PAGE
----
Four Gemstones Rarer Than Diamond

Diamonds are well known for their rarity, but did you know there are other rare gemstones? Get ready to learn some interesting facts on four gems rarer than diamond.

Tanzanite

Tanzanite is a stunning blue and purple variety of the mineral zoisite that is only found in one area of the world, Tanzania, a small country in East Africa. When viewed from different angles, tanzanite can display various colors like violet, green-yellow, and even brown. Though most tanzanite goes through heat treatment to produce its attractive blue hues, this treatment produces a stable color that makes this gem desirable.

Tanzanite Bead Necklace by Lika Behar.
Tanzanite and Diamond Ring by United Color Gems.

Alexandrite

Often described as “emerald by day, ruby by night,” alexandrite is a rare variety of the mineral chrysoberyl that has color-changing abilities. Due to trace amounts of chromium in the structure, this gem can vary from bluish-green in daylight to purplish-red under incandescent light. Though the discovery of alexandrite in Brazil and various other locations has expanded its availability, it still remains rarer than other gemstones, like diamonds.

Alexandrite and Diamond ring by AG Gems.

Paraíba Tourmaline

Paraíba tourmaline is easily recognizable because of its brightly saturated blue/green hues. Although it was first discovered in Brazil, it has also been found in Mozambique and Nigeria in larger sizes. The gemstone is rare and pricey, because of how difficult it is to excavate. They are found in pencil-thin veins deep below the Earth’s surface in very small sizes.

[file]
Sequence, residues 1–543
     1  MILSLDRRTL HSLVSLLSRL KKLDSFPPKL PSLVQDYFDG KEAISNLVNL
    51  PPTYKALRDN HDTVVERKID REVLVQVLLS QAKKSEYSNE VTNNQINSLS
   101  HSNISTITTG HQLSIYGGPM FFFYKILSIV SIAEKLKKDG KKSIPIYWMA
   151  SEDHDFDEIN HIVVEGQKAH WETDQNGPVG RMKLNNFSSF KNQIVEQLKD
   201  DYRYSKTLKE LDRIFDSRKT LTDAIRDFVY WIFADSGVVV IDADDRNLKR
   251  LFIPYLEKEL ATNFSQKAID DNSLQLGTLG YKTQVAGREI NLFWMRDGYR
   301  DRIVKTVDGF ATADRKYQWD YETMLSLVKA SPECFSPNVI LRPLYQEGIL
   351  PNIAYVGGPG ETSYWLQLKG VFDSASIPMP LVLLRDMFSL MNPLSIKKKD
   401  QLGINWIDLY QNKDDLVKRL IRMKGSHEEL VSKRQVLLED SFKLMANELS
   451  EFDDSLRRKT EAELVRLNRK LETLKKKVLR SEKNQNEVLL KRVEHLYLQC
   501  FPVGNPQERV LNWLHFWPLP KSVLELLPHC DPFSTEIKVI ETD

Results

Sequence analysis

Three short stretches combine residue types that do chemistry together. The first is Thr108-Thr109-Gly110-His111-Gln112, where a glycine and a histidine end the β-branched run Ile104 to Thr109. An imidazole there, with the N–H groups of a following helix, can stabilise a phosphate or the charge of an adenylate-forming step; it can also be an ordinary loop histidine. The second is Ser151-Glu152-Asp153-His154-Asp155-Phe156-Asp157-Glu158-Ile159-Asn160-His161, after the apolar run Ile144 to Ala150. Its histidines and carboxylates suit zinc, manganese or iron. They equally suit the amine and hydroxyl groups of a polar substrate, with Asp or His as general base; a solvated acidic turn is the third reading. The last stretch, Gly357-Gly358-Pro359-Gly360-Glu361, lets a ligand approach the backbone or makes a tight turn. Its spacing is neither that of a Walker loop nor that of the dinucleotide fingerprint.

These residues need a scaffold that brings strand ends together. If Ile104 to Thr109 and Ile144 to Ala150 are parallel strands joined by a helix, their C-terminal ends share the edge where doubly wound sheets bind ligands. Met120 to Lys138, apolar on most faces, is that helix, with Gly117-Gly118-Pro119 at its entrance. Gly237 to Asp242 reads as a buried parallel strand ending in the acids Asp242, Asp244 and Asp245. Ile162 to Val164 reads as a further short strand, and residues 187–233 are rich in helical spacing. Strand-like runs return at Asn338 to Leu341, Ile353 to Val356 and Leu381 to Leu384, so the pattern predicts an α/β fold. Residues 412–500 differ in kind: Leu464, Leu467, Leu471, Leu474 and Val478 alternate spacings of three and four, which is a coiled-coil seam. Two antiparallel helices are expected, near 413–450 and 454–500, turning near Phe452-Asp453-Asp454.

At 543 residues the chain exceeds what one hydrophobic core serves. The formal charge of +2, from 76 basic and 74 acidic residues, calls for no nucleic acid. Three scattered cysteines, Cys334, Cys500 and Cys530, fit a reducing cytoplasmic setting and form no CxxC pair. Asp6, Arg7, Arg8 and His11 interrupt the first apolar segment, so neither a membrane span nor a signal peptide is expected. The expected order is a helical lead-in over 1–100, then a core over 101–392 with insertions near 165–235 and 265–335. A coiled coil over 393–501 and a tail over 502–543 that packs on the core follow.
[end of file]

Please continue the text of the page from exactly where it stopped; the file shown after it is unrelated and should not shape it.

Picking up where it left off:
Brazilian Paraíba Tourmaline and Diamond Pendant by Erica Courtney.
Paraíba tourmaline and diamond earrings by Samuel Sylvio Designs.

Jadeite – Jade

Although the names “jade” and “jadeite” sound similar, they have different chemical, optical, and physical properties, with jadeite being the more valuable of the two. The most valuable jadeites are pure “imperial” green, which equals the intensity of emeralds. Jadeite can have many different hues, including lavender, yellow, orange-red, blue, black, and colorless. As a highly-prized gemstone in Chinese, Mayan, and Maori cultures, this stone has an immense body of folklore. Throughout Chinese history, it was believed to bring good fortune and happiness.
Loose Jadeite – Jade gemstone by Stuller.

If you are in search of timeless jewelry designs featuring rare gemstones, find an American Gem Society jeweler near you!